Alexander McCall Smith has given us more than two-dozen gentle, amusing, often whimsical and always thoughtful novels that take place in far-flung parts of the world. He first became famous for his bestselling novellas starring Precious Ramotswe in The No. 1 Ladies’ Detective Agency in Botswana. His books featuring Edinburgh philosopher Isabel Dalhousie have captured the imaginations of his readers and become bestsellers on their own.
Smith recently poked wry fun at himself in a National Public Radio appearance on “Prairie Home Companion” as an author in search of a muse. He was searching for language that would inject more action, guns, car chases --- some real excitement into his works. As he told Guy Noir, Garrison Keillor’s hard-boiled detective character, he appreciated the large following of “lady readers who enjoyed stories with tea and biscuits” but hopes never to have to insert the word “scone” into another novel. He wants to venture into the action-packed, hard-boiled world of readers who are the guys who drink beer and hunt bears, so he asked Guy for tips on writing action mysteries. Smith gets arrested for “writing while driving” and joyously finds himself “in the slammer” surrounded by Damon Runyonesque characters who keep him scribbling every cliché ever uttered in hard-boiled pulp fiction. He leaves jail a happy man, ready to tackle a new genre.
However, you won’t find a word of it in THE CHARMING QUIRKS OF OTHERS. What you will find is an Isabel Dalhousie rumination on the beiges and grays of human character, this time focusing on her being pressed into conducting an informal inquiry into the short list of candidates for headmaster of an exclusive boy’s school near Edinburgh. The current headmaster has accepted a post in Singapore, so the school is scurrying to find a suitable replacement. A member of the school’s board, a casual acquaintance of Isabel’s who has learned of her reputation for discretion, has come into possession of an anonymous note hinting of a scandalous event in one of the men’s past. The note does not indicate which man it is nor does it disclose the nature of the scandal. Isabel agrees to pursue it as far as she can with what little information she has. The plot thickens when one of the candidates turns out to be her niece Cat’s latest lover, of whom Isabel for once approves (Cat has a history of questionable taste in men), which of course places her on the horns of the dilemma of impartiality versus favoritism.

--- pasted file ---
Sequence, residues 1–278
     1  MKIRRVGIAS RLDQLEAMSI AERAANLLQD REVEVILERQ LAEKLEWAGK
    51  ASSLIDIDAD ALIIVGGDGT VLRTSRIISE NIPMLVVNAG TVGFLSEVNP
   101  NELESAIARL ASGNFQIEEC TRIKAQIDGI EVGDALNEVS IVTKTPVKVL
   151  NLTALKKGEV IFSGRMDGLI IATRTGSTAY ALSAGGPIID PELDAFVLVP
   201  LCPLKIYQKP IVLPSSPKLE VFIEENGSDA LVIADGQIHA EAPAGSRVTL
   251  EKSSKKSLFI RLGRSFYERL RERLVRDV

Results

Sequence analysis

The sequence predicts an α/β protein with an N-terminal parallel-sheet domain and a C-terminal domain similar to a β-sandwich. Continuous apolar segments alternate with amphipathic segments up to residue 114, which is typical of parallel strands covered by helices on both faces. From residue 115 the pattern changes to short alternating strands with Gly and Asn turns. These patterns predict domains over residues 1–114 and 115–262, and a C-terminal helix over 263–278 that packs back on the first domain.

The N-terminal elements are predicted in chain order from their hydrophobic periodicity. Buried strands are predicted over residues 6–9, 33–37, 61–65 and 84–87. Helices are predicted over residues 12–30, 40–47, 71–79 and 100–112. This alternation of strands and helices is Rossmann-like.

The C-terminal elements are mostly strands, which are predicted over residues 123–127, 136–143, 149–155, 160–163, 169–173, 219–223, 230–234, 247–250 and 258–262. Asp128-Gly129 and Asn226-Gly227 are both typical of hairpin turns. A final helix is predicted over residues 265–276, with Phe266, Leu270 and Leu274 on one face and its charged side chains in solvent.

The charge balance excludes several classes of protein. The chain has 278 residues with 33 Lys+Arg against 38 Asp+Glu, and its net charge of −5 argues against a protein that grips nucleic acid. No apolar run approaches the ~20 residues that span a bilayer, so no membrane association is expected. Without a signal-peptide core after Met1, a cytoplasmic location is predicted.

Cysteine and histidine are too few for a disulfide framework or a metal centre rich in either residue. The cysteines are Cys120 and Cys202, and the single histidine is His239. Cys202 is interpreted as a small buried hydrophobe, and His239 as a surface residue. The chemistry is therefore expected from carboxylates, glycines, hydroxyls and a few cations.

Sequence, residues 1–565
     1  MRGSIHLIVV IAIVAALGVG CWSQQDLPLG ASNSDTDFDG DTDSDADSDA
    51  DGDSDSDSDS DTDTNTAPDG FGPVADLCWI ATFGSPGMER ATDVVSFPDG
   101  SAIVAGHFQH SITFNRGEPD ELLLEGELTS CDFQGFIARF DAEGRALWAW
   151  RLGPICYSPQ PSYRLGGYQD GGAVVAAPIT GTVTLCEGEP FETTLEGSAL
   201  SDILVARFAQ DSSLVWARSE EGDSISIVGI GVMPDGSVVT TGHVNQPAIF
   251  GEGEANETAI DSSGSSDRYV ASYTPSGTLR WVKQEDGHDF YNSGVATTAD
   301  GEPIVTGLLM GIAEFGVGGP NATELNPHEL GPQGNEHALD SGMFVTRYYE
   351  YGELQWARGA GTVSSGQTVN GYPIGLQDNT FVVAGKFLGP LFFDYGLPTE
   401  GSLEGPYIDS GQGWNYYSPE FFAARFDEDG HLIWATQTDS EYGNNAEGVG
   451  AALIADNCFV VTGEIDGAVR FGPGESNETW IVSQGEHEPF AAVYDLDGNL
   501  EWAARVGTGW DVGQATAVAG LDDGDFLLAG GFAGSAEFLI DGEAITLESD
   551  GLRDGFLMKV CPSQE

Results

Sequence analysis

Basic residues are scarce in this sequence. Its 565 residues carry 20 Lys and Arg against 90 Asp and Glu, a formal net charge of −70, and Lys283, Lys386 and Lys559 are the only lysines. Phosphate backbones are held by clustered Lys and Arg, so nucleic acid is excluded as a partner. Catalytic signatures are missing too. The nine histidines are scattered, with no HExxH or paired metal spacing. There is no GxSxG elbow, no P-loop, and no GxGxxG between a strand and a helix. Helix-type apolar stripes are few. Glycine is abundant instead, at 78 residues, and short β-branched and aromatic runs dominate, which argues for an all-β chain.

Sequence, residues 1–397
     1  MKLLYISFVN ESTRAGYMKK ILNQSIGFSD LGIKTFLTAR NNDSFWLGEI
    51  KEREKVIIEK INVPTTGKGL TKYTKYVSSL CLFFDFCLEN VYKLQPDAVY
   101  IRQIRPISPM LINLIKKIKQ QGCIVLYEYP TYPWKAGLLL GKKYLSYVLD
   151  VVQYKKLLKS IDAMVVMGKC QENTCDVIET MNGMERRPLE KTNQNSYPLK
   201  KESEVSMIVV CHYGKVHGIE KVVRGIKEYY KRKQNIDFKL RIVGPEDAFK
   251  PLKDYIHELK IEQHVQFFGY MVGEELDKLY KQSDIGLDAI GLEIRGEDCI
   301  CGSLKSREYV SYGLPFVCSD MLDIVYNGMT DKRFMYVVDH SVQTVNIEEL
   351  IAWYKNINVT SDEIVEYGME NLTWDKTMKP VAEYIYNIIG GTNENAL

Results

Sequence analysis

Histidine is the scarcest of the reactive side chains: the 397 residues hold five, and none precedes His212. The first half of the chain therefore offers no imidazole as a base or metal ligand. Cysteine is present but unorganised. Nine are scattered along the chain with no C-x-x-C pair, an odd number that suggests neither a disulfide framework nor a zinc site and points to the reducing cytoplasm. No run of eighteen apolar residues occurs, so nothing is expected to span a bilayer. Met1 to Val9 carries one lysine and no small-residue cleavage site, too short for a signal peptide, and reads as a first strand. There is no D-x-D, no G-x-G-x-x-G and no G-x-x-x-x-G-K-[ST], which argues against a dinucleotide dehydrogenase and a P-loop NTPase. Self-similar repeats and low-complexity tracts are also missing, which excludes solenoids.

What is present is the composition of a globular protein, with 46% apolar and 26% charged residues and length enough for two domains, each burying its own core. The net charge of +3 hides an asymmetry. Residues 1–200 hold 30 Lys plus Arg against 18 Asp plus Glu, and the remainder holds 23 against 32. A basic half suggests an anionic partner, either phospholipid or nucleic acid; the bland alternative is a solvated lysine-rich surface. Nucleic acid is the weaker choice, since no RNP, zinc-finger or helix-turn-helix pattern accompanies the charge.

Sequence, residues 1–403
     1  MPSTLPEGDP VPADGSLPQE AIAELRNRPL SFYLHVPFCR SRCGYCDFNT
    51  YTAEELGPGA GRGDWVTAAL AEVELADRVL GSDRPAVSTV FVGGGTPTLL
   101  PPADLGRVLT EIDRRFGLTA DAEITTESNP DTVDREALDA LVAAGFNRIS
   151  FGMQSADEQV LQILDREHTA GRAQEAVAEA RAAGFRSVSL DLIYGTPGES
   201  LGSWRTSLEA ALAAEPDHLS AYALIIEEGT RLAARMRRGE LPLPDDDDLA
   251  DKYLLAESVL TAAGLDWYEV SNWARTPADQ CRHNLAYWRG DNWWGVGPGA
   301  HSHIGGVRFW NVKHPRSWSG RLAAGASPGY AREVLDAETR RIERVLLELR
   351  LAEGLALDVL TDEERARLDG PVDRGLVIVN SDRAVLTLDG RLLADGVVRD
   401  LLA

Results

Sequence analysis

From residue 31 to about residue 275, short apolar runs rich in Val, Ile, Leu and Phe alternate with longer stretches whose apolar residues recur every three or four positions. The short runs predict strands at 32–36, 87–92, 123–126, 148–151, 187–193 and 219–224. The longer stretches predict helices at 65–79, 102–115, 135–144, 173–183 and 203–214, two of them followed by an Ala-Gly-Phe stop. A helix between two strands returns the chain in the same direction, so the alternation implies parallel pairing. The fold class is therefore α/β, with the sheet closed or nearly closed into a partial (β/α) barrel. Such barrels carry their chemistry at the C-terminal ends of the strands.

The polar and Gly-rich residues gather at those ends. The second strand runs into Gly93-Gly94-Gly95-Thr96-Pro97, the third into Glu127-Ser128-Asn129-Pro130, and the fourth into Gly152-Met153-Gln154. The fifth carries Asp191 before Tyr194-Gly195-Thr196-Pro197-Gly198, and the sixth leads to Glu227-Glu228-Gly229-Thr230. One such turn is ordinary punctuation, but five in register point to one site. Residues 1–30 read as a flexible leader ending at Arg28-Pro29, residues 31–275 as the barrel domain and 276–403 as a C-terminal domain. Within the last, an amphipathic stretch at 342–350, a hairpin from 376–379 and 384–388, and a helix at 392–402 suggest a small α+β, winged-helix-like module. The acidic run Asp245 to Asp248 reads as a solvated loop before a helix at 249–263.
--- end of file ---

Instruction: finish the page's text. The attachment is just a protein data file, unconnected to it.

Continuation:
She discovers that one of the candidates has indeed encountered a tragedy in his past that may or may not point to a major character flaw. This discovery leads Isabel, and thus the reader, down the ethical briar path of what a reasonable person would do if they found someone in dire straits. Would he stop and help, or continue on because of the potential risk to his own life? And how would that decision affect the rest of his life? It’s one of the great charms of the Dalhousie books that they lead the reader to ponder their own concepts of right and wrong.
At home, Isabel encounters her own ethical conundrum with her young lover, Jamie, father of their two-year-old son Charlie. She discovers quite by chance that a seriously ill, beautiful young woman has come into Jamie’s life. Jamie has been secretive about this, leading to a potential threat of their relationship and planned marriage.
Tea and biscuits and sophisticated soliloquies on works of art, great writers and musical works are part and parcel of THE CHARMING QUIRKS OF OTHERS, another exquisite cozy from the philosophical mind of Alexander McCall Smith. One can only hope that he will leave the car chases and running gun battles to the Michael Connellys, Dennis Lehanes and Guy Noirs of the world.
Reviewed by Roz Shea on October 31, 2011